Born in Burlington, he immersed himself in golf as a child and grew up in a house next to the sixth hole on Shamrock Golf Course. Isley Jr. plucked crabgrass and plucked stones from the fairway in exchange for a free envelope full of golf balls or buckets of balls to blast them on the driving range.
He received an NC State scholarship, fired a 65 to help the Wolfpack get its only ACC championship in 1990, received All-ACC awards, and won an individual title during his career.
After college, Isley Jr. turned pro and earned status on the Nike (now Korn Ferry) tour. He participated in the proving ground from 1993 to 1995. After failing PGA Tour Qualifying School second level in 1995, Isley Jr. and his wife Tonya moved to the coast. He worked as an assistant at Oak Island before getting a job as a head pro at St. James Plantation.
He remained competitive in the Carolinas PGA section, winning twice the NC Open, the Carolinas Open, the SC Open and making his only appearance on the PGA Tour, the 2007 Wachovia (now Wells Fargo) Championship at the Quail Hollow Club in Charlotte.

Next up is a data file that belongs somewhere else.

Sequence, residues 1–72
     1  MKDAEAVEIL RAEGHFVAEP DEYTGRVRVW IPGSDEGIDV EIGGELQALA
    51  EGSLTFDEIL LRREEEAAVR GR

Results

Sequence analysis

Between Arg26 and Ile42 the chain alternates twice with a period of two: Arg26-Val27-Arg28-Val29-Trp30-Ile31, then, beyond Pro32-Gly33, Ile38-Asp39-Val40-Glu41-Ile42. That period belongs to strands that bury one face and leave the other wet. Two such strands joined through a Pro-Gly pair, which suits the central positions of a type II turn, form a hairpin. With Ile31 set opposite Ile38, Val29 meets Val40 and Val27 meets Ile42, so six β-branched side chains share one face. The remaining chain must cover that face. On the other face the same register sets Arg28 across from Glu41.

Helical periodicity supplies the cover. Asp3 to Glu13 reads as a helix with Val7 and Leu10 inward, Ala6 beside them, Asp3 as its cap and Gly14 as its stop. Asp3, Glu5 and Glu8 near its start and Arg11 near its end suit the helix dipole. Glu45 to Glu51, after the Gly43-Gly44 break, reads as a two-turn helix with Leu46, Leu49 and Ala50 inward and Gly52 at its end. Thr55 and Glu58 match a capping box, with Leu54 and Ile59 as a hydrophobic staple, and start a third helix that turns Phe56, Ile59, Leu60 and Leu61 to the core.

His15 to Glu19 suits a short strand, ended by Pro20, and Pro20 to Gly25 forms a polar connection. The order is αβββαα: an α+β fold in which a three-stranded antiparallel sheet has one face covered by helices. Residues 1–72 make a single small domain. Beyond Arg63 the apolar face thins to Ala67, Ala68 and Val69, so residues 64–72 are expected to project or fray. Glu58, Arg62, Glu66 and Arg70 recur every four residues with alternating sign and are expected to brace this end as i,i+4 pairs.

When he turned 45, Isley Jr. turned his attention to senior golf opportunities. As a member of the section, he has annual access to the Senior PGA, another major championship for audiences over 50. A fourth place finish in a PGA Winter Series tournament in Florida last winter boosted his confidence and he held his own low pro at the Carolinas Senior Open in April and finished in the top 10 at the SC Open in May.
Conquering the Omaha CC requires your best. Over the years, Isley Jr. has played within himself, feeling comfortable about it, being conservative, and content with grinding pars in difficult places. Such a schedule should fit a US Senior Open, where the winning points are rarely double-digit below par.
He planned to play training rounds Monday through Wednesday with longtime friend Ray Franz, a professional at the Dataw Island Club in South Carolina.
His son Walker, who has just finished his first year on the UNCW golf team, is his caddy. His wife, parents and in-laws will be in the gallery. He also has full support from the members of Oak Island, who perhaps most look forward to the opportunity that lies ahead for their headmaster.
Regardless of how the week turns out, arriving in Nebraska with only a start time on Thursday is an accomplishment. There were 2,999 registrations at this year’s US Senior Open and Isley Jr. is one of 72 first-time entrants in the 156-man field.
The time window to be competitive in senior golf is small and closes quickly. Isley Jr. is reluctant to leave Oak Island or resume touring, but would love to compete against his peers on occasion. Isley Jr. recently played a casual round with Tommy Tolles, a PGA Tour veteran who lives in the mountains of NC, and left impressed with the clean contact Tolles made with every shot.
His goals for the week are simple. Have fun, keep it in the short grass, and maybe hit a shot that lands on the NBC Sports TV show. This time the tape will surely roll.